Hall Calls Semple ThompsonNovember 10, 2008
By Ken Klavon, USGA
St. Augustine, Fla. - As her team congregated on a tepid January
day, Florida sun beaming down from a cloudless sky, Carol Semple
Thompson approached the first tee to wondering faces.
Some of the hand-chosen competitors for the 2008 USA Curtis Cup
team seemed more like starlit pupils. How could they not be? For
they knew that their captain one of the most decorated amateurs
the game has ever known.
Thompson's played on a record 12 USA Curtis Cup teams, holds the
most Curtis Cup victories (18); has competed in more than 100
USGA championships; has won seven national titles (second-most to
Bob Jones and Tiger Woods); is one of only 11 players to win the
U.S. Amateur (1973) and British Amateur (1974); and was honored
with the Bob Jones Award in 2003, the USGA's highest honor.
But this was no ordinary practice session. Thompson set
down her clubs and announced, one, she would be playing and, two,
with a pregnant pause, everyone was to have fun.
Two first-timer Curtis Cuppers, Mina Harigae and Kimberly Kim,
looked at each other bemused. Later that afternoon, as the two
giggled through volleying a ball on an adjacent tennis court,
both seemed bowled over by Thompson's relaxed and modest
"I mean, she's
Carol Semple Thompson
," said Harigae. "When she talks about golf, you listen."
For years Semple Thompson has talked, alright. Mainly through her
golf clubs. With apologies to U.S. President Theodore Roosevelt,
Semple Thompson has made a stellar career of actually speaking
softly and carrying a big golf stick.
It helped her get far.
It also made the career amateur worthy of inclusion into
the World Golf Hall of Fame. Thompson will join Bob Charles,
designer Pete Dye, Denny Shute, Craig Wood (1941 U.S. Open
champion) and writer Herbert Warren Wind (1995 Bob Jones Award
winner) in this year's hall-of-fame class. USGA past president
and fellow hall-of- famer Judy Bell will present Thompson.
"I would call Carol the First Lady of Women's Amateur Golf,"
said USGA Executive Director David Fay.
"I certainly do not feel worthy of this, but at the same time
I'm loving every minute of it. How could I not?" said
Thompson after receiving the news in June.
The 60-year-old Sewickley, Pa., resident grew up with golf
coursing through her veins. Her mother, Phyllis Semple, now 87,
was a local champion. Her late father, Harton "Bud" Semple, was a
cognoscenti of the game who rose through the ranks to become the
USGA's president in 1974-75.
In 1973, Thompson experienced one of her most precious memories.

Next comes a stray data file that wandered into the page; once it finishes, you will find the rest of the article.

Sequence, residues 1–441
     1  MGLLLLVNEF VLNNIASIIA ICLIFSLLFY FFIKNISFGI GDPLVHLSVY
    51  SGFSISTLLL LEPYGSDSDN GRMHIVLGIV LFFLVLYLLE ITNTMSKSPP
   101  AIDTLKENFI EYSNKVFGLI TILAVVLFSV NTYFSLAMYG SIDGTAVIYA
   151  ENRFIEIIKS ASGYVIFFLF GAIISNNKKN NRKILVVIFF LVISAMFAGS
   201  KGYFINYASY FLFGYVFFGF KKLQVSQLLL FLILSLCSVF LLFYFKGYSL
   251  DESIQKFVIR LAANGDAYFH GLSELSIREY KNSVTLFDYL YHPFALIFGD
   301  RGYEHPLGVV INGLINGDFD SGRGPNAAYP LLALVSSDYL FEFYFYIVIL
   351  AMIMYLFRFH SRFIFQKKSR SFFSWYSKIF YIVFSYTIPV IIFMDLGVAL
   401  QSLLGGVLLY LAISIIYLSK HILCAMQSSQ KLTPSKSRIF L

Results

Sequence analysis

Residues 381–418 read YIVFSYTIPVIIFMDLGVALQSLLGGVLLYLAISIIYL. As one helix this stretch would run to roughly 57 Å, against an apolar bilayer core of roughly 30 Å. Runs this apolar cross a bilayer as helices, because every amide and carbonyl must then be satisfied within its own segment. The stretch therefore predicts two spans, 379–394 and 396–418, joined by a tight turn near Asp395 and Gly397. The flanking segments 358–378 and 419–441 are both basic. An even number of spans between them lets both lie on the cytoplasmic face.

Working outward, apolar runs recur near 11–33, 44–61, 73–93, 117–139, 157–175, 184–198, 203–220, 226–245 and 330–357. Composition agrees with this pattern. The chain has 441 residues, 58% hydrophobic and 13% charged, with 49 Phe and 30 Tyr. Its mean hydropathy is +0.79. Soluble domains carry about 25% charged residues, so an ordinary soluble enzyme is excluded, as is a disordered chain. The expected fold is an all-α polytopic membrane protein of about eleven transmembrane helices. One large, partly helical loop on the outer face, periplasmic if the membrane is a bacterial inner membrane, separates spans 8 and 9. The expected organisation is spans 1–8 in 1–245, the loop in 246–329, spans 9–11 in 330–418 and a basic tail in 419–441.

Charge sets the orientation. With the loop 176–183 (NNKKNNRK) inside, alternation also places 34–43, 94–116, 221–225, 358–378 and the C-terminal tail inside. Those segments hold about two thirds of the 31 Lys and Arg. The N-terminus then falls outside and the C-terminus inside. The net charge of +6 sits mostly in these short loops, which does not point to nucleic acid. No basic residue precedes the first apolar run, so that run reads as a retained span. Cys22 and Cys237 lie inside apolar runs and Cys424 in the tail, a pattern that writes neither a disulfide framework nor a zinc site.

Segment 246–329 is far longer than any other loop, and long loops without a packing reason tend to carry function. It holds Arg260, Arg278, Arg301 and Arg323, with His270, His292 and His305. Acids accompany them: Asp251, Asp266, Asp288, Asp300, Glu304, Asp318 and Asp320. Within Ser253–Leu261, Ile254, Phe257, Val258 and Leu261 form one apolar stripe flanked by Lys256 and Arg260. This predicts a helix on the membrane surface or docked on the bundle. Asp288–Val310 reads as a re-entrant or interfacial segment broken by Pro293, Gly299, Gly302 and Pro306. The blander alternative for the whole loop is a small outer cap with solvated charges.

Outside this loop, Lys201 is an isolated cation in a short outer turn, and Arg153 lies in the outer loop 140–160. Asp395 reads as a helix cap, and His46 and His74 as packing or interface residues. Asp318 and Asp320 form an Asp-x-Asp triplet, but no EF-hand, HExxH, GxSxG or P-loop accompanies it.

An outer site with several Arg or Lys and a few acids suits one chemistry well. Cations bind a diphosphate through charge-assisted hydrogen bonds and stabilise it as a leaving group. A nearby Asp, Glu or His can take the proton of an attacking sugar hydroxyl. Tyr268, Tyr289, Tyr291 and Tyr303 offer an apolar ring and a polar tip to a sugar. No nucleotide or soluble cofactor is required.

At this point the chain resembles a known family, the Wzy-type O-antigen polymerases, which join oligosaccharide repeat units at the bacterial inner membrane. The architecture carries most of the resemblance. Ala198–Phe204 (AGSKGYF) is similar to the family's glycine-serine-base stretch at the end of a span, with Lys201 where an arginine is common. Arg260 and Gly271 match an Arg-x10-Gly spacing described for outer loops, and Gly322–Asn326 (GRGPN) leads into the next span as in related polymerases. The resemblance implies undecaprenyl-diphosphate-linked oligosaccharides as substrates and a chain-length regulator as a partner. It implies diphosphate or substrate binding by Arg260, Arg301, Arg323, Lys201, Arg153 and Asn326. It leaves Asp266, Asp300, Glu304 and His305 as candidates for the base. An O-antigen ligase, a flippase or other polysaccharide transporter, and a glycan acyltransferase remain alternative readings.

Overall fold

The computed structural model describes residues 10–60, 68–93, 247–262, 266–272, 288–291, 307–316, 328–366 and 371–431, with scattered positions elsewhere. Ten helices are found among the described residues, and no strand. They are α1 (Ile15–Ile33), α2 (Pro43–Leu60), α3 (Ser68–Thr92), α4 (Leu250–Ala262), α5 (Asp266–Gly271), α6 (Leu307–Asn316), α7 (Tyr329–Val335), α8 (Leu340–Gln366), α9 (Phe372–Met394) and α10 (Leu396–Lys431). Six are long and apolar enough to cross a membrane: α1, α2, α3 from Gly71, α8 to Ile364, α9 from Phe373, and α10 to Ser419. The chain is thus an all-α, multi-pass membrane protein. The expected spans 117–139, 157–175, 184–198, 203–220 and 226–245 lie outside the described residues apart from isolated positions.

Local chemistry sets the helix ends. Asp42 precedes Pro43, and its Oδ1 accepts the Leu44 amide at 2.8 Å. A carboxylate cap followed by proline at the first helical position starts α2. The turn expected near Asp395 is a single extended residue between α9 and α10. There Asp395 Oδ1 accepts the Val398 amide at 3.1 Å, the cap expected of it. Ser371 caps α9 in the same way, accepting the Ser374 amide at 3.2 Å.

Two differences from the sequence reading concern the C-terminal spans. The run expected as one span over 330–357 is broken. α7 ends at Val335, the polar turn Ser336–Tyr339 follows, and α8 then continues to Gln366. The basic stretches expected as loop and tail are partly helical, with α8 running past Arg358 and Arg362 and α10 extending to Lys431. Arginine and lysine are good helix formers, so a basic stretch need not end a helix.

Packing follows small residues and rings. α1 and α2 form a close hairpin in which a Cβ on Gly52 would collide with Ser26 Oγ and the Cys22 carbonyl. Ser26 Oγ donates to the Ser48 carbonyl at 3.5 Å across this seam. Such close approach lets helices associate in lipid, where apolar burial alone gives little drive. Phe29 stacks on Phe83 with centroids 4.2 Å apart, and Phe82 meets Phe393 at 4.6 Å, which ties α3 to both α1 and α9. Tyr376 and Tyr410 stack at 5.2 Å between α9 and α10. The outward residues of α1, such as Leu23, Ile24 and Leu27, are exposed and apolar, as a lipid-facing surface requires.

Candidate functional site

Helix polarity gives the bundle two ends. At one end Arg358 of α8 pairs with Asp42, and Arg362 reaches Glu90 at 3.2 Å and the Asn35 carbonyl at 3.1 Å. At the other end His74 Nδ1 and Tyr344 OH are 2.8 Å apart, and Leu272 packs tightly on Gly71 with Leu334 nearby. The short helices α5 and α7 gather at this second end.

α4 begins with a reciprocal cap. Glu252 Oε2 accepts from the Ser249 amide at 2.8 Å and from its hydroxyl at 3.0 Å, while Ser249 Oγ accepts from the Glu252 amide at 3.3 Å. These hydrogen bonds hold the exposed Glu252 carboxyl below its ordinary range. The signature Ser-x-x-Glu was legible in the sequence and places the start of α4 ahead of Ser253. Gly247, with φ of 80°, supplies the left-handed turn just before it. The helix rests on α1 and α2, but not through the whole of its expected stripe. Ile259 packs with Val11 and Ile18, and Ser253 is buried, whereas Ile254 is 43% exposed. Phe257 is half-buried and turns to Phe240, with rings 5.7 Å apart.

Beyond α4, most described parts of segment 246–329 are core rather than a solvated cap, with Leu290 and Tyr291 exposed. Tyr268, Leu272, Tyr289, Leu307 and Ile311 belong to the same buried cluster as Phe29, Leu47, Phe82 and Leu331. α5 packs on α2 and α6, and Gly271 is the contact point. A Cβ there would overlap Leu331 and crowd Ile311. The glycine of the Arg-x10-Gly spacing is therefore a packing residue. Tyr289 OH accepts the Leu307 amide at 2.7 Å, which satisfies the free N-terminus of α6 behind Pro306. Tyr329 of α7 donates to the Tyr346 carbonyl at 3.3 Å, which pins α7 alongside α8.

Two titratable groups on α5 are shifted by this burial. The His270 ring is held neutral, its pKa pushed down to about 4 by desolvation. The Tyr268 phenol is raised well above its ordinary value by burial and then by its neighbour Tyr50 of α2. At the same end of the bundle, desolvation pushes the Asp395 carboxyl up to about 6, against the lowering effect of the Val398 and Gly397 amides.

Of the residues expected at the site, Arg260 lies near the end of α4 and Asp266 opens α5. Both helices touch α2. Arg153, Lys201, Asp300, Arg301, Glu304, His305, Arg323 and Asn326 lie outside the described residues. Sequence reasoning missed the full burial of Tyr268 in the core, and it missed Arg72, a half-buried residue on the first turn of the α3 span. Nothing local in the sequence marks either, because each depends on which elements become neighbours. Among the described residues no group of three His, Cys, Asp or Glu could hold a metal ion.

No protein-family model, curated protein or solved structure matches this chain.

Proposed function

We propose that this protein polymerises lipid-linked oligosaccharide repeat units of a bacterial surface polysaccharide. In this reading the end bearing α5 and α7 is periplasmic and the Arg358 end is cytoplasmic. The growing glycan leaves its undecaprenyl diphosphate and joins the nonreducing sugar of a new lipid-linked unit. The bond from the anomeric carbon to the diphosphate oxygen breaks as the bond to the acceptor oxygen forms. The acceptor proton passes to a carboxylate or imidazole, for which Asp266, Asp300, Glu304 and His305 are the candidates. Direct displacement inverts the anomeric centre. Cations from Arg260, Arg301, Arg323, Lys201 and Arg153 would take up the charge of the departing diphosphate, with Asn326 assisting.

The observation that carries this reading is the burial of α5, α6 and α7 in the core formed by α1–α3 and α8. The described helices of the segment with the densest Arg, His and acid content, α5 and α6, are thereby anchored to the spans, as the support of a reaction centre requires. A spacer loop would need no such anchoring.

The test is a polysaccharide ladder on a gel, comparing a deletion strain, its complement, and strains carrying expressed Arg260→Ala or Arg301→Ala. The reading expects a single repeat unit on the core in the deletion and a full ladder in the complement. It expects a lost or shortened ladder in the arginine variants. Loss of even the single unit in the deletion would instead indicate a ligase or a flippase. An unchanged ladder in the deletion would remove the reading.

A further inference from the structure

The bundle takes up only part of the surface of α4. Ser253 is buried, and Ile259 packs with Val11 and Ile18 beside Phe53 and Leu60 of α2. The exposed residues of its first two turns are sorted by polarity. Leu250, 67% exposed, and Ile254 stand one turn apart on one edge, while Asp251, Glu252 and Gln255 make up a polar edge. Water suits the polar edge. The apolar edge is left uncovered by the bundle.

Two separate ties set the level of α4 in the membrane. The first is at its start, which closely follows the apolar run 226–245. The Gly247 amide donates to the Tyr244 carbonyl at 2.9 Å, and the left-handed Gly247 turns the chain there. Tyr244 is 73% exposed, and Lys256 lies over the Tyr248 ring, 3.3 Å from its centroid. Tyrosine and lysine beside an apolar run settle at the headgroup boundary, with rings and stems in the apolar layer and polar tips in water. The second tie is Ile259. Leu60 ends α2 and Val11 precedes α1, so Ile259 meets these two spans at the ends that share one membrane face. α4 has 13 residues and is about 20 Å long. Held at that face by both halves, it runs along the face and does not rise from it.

After winning the U.S. Women's Amateur, then USGA President
Lynford Lardner moved aside to let her dad, a vice president of
the Association at the time, present the trophy to her. (Thompson
explored turning professional after her Amateur victory, and her
father even offered to pay her expenses in the effort, through
she ultimately chose to remain an amateur.)
Thompson's other "highlight highlight," as she called it, came in
2006 and would have little bearing on individual
accomplishment. The setting, Pittsburgh's Fox Chapel Golf
Club, had a lot to do with it, since it was in her backyard. Her
nerves were spent because she wanted to play well in front of the
many friends and family in attendance. Few would predict the
fairy-tale ending in which Thompson would exert a rare display of
raucous emotion after draining a 27-foot putt to secure the point
that retained the Curtis Cup for the .
"It was a miracle putt. It was at least a hundred feet long,"
said Thompson for effect. "And it broke about 18 feet from right
to left and it was downhill. But it did go in the hole and it
meant that I won the match.
"But one of my favorite stories about that particular putt was
that one of the British tabloids came out with a headline the
next day and said, 'Old dog does the trick.'"
That's the beauty and the grace of Thompson. When she has spoken
about success, it's usually with some self-deprecating comment.
Her prudence guided her to be as competitive as a thoroughbred on
the track of golf yet equally as gracious off it. Win or lose.
Thompson merely molded her career as a grateful champion - the
top superlative for any athlete.
This past October, shortly after qualifying for match play at the
U.S. Women's Mid-Amateur, Thompson didn't seem convinced she had
the game to take her all the way. The assessment was
illuminating. She indicated over the past five years that her
game has suffered irreparable cracks that come with age.
It underscored her approach as a realist.
More important, it served as part of the formula that made her
one of the best amateurs the game has ever known. And for that,
she now stands with all the other immortals of golf.
KenKlavonis the USGA's Editor of Digital Media. E-mail him with
questions or comments at firstname.lastname@example.org.